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Assembly split as Democratic Party of Korea snatches control of key committees

Close aides of opposition leader Rep. Lee Jae-myung tapped as chairs

By Jung Min-kyung, Kim Arin

Published : June 11, 2024 - 15:56

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Woo Won-sik, the National Assembly speaker, approves the Democratic Party of Korea-led picks for chairs of standing committees in a plenary session held late Monday. (Yonhap) Woo Won-sik, the National Assembly speaker, approves the Democratic Party of Korea-led picks for chairs of standing committees in a plenary session held late Monday. (Yonhap)

The ruling People Power Party on Tuesday protested the Democratic Party of Korea unilaterally picking the chairs of key standing committees of the National Assembly late Monday.

The Democratic Party once again used its majority in the Assembly to convene a plenary session and appoint the chairs of 11 out of the 18 committees without involving the ruling party.

Last week, the Democratic Party left out the ruling party in electing the Assembly speaker, marking the first such instance in the history of the Constitution.

“The Democratic Party is taking over the Assembly, and they are doing this for the purpose of defending their legally troubled leader Rep. Lee Jae-myung from taking accountability,” the ruling party floor leader, Rep. Choo Kyung-ho, told reporters Tuesday.

Lee, who is a defendant in corruption cases from his time as the governor of Gyeonggi Province, has been attending trials almost every week since last year.

Among the committees the Democratic Party has chosen to chair are the Legislative and Judiciary Committee and the House Steering Committee -- the two committees considered to be most powerful as they review and approve bills put to vote in the Assembly.

The chairs of the legislative and steering committees are Reps. Jung Chung-rae and Park Chan-dae, respectively, both of whom are known to be close to the Democratic Party leader, Lee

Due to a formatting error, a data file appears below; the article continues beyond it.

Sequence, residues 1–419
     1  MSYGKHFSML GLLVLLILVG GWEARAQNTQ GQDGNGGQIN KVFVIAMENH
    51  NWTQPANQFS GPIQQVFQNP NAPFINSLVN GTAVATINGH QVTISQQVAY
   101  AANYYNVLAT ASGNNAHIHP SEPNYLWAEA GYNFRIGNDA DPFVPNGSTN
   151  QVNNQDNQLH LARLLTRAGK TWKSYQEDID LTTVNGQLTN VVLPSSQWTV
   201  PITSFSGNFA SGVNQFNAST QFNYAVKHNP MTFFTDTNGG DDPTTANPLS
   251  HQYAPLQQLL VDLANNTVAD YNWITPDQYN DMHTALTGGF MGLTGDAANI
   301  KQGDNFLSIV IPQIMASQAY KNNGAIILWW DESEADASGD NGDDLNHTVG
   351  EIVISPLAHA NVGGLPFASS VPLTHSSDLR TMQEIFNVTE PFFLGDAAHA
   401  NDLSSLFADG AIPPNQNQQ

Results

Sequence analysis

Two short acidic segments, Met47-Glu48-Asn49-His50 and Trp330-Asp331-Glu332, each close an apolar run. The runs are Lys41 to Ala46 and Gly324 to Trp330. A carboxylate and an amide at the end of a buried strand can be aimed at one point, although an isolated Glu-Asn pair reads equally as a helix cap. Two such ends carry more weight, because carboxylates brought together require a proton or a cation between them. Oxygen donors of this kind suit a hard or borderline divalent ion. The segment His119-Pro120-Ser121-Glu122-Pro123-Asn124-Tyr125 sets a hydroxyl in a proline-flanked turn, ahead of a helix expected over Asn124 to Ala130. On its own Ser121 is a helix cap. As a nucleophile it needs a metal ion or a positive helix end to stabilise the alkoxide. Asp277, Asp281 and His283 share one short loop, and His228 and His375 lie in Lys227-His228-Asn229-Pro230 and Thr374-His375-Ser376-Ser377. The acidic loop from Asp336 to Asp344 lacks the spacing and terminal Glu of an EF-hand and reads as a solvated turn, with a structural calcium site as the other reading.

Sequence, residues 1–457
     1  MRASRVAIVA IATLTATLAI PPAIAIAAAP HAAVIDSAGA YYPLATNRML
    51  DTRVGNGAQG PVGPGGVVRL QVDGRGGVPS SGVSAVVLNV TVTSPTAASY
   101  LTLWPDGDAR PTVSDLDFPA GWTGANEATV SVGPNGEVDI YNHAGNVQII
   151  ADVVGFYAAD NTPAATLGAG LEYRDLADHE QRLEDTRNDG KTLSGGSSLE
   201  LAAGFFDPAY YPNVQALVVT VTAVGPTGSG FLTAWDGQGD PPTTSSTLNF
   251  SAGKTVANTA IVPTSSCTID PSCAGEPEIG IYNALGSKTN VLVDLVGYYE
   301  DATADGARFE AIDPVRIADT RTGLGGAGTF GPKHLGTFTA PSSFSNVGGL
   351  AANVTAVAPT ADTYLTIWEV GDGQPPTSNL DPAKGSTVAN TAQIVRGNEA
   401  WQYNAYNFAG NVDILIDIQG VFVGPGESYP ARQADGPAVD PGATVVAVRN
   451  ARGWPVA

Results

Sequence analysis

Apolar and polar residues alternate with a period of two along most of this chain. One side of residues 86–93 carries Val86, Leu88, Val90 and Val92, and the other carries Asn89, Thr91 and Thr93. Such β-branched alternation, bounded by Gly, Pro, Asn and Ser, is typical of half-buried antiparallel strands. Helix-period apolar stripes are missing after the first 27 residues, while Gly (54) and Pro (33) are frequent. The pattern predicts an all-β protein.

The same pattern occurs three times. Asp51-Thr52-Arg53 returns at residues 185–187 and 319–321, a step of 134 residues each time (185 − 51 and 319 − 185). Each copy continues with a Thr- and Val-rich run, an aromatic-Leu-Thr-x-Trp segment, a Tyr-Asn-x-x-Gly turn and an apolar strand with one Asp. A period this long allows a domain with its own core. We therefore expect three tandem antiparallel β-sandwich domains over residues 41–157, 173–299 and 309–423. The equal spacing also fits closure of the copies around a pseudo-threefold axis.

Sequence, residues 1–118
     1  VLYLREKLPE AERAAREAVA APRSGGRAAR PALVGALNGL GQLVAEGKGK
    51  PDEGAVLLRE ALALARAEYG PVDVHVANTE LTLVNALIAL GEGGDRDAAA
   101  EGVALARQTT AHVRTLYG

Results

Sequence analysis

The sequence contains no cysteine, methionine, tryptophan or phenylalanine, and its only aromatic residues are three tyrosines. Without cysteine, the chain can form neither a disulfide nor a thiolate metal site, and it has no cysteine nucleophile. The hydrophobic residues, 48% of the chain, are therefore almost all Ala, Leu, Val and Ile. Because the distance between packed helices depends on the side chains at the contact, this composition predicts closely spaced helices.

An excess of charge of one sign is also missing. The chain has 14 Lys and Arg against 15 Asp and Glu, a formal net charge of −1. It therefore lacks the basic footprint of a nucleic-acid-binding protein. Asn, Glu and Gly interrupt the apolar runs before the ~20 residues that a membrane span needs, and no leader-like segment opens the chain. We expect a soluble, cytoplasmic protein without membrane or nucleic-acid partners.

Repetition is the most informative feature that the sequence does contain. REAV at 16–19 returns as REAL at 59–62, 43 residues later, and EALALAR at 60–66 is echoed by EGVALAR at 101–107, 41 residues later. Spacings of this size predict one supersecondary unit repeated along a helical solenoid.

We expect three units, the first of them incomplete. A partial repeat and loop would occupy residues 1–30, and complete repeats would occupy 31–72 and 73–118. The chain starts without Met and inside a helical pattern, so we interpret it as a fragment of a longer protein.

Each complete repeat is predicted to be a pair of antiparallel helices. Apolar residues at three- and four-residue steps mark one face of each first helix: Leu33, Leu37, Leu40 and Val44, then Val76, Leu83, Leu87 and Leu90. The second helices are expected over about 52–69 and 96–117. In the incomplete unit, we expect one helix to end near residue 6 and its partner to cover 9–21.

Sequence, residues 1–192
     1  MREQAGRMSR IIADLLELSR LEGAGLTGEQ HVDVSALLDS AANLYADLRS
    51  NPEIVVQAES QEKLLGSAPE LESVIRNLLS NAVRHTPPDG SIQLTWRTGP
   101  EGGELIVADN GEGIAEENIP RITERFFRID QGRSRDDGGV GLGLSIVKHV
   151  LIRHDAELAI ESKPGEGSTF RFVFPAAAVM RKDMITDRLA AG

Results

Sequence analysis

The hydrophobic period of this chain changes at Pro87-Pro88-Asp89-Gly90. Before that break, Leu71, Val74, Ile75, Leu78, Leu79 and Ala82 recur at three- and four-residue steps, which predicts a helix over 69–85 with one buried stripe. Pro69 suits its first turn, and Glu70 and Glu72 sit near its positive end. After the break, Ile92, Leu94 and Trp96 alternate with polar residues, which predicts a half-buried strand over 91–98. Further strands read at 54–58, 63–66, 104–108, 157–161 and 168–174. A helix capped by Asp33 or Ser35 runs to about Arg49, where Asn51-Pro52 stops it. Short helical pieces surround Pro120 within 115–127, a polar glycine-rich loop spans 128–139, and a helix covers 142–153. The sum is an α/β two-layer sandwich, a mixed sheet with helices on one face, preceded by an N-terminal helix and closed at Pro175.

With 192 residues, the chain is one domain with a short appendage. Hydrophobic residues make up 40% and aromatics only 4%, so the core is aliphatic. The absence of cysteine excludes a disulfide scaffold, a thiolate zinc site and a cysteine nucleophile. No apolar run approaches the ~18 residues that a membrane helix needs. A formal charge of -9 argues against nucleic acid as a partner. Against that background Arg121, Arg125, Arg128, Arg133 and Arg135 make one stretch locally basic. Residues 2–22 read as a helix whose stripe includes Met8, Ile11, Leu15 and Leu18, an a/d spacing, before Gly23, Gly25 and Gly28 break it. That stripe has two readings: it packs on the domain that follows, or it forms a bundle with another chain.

Choo worried that the Democratic Party, which currently holds 175 seats in the 300-member Assembly, may continue to exclude the other major party and make unilateral decisions.

“This is not how democracy works in the Assembly. We cannot and will not partake in the Democratic Party’s disregard for democracy,” the ruling party floor leader said.

The People Power Party also blamed the newly elected Assembly speaker, Woo Won-shik, for approving the Democratic Party action on Monday despite the ruling party having been unable to participate.

The Democratic Party in a leadership meeting held Tuesday threatened to take the chair posts of the remainder of the standing committees if the People Power Party refused to accept the appointments made the previous day.

Strong criticism came from Oh Se-hoon, the People Power Party mayor of Seoul, who characterized the Democratic Party’s move as a scheme to bolster the party leader’s chances in the presidential election three years away.

“It is the National Assembly’s great tradition to let the major party with fewer seats lead the legislative committee to allow politics of cooperation,” Oh wrote on Facebook on Monday.

The mayor accused the Democratic Party of trying to establish a “dictatorship in the Assembly.”